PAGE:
Omotayo's story

Mum Omotayo shares how BookTrust's care packages kept her son's love of reading alive during the coronavirus pandemic.

An illustration of a mother and son reading together in bed © Hannah Shaw 2021

Seven-year-old Lanre and his mum, Omotayo, are used to big changes, having moved to England from Nigeria in 2017.

'It's a big difference,' admits Omotayo, who settled into her new life in south east London thanks to a local community group of mums who got together to share skills and support each other.

'We would learn about sewing, sometimes we'd do make up, and so many other things that we were building through the community. We used to come together, see each other and talk at length. It's really friendly.'

The impact of coronavirus

Then came the coronavirus. 'I really miss the group. The lockdown, you know, it really changed one's life. For three months we were just at home. We missed meeting parents and teachers at school.'

For Lanre, along with missing school, the closure of the library interrupted his zest for reading.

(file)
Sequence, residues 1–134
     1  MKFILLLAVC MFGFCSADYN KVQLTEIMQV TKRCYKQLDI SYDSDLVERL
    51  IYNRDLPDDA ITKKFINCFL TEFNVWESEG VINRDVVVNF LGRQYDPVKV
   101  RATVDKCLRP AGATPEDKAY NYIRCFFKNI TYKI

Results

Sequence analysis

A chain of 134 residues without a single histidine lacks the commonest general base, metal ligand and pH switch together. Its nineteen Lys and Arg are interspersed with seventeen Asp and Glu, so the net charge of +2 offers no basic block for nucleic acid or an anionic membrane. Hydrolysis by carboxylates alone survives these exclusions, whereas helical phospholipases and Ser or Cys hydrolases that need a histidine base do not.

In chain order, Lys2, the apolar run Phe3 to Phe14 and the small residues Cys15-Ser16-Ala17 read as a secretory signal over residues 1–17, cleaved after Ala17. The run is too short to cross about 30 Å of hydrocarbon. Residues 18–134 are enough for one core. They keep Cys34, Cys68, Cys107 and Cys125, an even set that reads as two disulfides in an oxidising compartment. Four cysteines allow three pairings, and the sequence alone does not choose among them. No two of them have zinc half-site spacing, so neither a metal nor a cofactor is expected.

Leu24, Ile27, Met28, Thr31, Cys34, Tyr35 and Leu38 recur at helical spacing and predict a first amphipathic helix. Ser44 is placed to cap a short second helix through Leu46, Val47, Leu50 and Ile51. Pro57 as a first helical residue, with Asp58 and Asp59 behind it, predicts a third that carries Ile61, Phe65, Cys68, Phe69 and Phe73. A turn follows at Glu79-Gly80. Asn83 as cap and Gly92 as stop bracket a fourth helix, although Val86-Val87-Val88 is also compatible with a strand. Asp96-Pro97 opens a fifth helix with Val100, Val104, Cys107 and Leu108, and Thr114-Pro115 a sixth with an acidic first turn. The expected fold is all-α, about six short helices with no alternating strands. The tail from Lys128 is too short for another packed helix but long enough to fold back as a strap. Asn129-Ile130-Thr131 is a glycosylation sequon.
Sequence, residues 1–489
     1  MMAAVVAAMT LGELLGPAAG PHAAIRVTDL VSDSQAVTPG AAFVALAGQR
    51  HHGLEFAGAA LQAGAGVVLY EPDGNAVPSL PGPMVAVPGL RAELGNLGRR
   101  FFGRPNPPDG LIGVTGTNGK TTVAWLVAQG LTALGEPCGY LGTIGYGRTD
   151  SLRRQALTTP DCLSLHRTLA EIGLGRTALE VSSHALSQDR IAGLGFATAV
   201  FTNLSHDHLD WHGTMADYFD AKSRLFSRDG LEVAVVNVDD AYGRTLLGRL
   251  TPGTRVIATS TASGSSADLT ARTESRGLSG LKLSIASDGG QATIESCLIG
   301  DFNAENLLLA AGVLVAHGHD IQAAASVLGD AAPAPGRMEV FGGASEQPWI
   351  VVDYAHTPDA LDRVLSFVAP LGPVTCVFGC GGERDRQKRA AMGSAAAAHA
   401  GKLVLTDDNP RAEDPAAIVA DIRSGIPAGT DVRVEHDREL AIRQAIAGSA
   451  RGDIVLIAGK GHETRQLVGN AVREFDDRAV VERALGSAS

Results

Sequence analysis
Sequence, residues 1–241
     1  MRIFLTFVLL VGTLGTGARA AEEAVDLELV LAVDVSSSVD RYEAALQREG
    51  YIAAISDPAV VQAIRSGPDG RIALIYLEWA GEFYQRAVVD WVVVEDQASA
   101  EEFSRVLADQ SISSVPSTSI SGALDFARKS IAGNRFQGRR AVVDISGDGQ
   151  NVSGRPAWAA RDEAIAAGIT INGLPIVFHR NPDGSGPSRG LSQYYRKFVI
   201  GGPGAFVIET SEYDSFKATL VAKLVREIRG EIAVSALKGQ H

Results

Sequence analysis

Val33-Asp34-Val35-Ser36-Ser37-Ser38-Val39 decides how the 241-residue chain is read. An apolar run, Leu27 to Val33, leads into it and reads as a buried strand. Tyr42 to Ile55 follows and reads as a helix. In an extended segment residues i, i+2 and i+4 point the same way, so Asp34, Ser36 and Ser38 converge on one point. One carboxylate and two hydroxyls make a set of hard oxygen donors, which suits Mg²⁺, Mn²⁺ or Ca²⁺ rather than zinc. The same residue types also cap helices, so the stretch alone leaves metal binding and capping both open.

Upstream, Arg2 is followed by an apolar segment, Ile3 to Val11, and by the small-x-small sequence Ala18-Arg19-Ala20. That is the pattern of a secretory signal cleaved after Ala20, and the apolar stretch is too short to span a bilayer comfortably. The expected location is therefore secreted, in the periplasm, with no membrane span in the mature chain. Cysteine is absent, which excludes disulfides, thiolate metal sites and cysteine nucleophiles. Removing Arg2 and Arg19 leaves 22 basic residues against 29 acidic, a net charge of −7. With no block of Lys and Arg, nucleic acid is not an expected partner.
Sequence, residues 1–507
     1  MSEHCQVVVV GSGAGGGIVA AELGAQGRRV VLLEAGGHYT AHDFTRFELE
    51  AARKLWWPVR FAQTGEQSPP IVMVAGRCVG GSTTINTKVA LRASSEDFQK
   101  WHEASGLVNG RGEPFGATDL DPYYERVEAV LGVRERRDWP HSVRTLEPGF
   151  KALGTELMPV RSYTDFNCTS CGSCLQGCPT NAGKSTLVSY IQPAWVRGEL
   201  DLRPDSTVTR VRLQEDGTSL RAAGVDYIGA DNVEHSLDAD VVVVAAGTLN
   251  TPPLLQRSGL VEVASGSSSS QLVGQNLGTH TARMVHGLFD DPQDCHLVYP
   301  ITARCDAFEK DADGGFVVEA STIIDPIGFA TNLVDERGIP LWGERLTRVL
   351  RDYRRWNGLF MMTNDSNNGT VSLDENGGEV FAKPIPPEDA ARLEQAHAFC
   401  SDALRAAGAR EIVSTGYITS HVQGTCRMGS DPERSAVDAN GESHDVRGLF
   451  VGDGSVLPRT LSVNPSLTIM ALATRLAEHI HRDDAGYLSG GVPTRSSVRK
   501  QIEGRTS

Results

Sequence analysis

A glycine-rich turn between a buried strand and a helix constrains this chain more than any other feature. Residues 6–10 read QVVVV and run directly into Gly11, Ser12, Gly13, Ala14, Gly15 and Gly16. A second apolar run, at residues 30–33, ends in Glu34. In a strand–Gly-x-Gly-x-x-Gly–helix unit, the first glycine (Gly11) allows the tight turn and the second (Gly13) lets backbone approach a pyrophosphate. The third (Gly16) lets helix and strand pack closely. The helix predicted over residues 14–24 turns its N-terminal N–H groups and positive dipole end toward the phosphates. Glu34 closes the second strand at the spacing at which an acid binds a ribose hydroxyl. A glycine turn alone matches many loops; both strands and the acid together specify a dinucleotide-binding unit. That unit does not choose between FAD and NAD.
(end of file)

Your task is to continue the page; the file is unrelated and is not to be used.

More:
'He really enjoys reading,' his mum says. 'He'd just got a certificate for completing the winter book challenge between January and March at the library.

'He can read on his own now! I let him read first and will assist him with a word that is a little bit difficult for him to pronounce or needs to be explained.'

But it's new books that excite him and make him want to read more.

Omotayo explains, 'When he gets a new book he's eager to know what it is. The old ones he will tell me, "I've read it." But if it is a new one that he has not come across, he quickly picks it up.'

Receiving books from BookTrust

With lockdown closing his school and local library, Lanre's flow of new books had almost come to an end. But Lanre's passion for reading was kept alive after BookTrust gave the mums of Omotayo's community group new books for their children.

Lanre received a National Geographic Animal Records book, which he devoured.

'He was excited to get it. He read it three times! There was a lot he hadn't come across like the longest fish, the tallest animal, and he learned about countries. There is a lot in that book.'

It seems to have inspired him. Asked what Lanre's favourite type of book is, Omotayo reveals, 'Actually he is focused on nature, animals and the environment now.'

And having finished year two at school, Lanre plans to spend the summer getting ready for year three with his head in more books.

His mum says, 'Now we are on holiday and there is no more school work, we have a lot of time where he can read on his own.'

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